Figure 5.3b: Viewing Link Aggregations
Click a link aggregation entry to see the buttons to edit that lagg interface, delete the link aggregation, or edit its member interfaces.
If you click the Edit button for a lagg, you will see the configuration screen shown in Figure 5.3c. Table 5.3a describes the options in this screen.
Figure 5.3c: Editing a lagg
Table 5.3a: Configurable Options for a lagg Member
|NIC||string||read-only as automatically assigned next available numeric ID|
|Interface Name||string||by default same as NIC field, can be changed to a more descriptive value|
|DHCP||checkbox||check if the lagg device gets its IP address info from a DHCP server|
|IPv4 Address||string||mandatory if DHCP is left unchecked|
|IPv4 Netmask||drop-down menu||mandatory if DHCP is left unchecked|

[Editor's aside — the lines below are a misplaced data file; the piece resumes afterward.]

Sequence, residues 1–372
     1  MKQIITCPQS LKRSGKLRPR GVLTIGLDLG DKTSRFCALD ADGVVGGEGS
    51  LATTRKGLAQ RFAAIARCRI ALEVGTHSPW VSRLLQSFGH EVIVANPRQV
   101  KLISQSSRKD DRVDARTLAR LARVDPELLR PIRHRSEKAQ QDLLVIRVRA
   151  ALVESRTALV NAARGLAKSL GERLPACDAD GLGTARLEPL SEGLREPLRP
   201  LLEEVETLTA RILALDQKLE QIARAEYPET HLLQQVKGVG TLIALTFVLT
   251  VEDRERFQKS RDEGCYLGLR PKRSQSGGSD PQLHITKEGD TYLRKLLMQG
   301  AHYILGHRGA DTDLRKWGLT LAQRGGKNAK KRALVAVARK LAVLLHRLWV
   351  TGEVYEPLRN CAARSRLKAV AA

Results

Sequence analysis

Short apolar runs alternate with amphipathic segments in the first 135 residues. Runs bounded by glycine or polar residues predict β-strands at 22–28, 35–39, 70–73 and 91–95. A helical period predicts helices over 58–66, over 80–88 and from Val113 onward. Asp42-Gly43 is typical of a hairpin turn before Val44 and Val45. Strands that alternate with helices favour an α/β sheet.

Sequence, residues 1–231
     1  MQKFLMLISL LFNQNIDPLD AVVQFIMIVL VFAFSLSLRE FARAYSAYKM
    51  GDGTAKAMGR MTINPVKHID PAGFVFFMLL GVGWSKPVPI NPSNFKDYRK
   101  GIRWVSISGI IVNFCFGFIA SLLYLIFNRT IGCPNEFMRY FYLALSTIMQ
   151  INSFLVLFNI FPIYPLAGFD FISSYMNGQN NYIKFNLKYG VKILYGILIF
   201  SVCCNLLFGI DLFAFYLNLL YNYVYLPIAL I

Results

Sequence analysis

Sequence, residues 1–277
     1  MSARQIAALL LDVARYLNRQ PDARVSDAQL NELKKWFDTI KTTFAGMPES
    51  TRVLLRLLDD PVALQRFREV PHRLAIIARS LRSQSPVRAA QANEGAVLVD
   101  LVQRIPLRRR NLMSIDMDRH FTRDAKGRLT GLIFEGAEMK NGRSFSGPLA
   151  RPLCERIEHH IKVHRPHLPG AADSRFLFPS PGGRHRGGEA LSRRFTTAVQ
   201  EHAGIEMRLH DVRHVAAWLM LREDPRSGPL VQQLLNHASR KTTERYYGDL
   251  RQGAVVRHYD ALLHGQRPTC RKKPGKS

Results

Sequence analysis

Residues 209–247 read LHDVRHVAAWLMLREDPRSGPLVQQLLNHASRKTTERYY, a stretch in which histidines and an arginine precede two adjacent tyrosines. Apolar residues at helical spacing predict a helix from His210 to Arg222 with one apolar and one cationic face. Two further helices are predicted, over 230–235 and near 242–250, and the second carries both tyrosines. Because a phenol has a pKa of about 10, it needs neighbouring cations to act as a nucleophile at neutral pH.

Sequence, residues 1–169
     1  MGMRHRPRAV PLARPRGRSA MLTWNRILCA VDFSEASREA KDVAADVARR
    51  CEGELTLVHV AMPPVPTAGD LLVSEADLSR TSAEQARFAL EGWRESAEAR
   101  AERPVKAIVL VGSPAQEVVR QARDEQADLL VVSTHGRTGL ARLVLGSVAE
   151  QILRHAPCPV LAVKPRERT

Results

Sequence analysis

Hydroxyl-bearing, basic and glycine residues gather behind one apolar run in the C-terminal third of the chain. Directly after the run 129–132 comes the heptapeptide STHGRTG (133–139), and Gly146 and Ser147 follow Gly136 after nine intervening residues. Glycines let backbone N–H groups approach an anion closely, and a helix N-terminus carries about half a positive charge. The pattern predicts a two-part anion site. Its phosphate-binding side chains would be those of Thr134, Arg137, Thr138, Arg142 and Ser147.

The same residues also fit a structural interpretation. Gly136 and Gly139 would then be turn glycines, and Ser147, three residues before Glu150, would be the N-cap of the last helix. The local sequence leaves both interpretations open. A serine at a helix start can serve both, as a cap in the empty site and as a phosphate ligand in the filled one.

|Auto configure IPv6||checkbox||check only if DHCP server available to provide IPv6 address info|
|IPv6 Prefix Length||drop-down menu||required if input IPv6 address|
|Options||string||additional ifconfig(8) options|
This screen also allows you to configure an alias for the lagg interface. If you wish to set multiple aliases, click the "Add extra alias" link for each alias that you wish to configure.
If you click the Edit Members button, click the entry for a member, then click its Edit button, you will see the configuration screen shown in Figure 5.3d. The configurable options are summarized in Table 5.3b.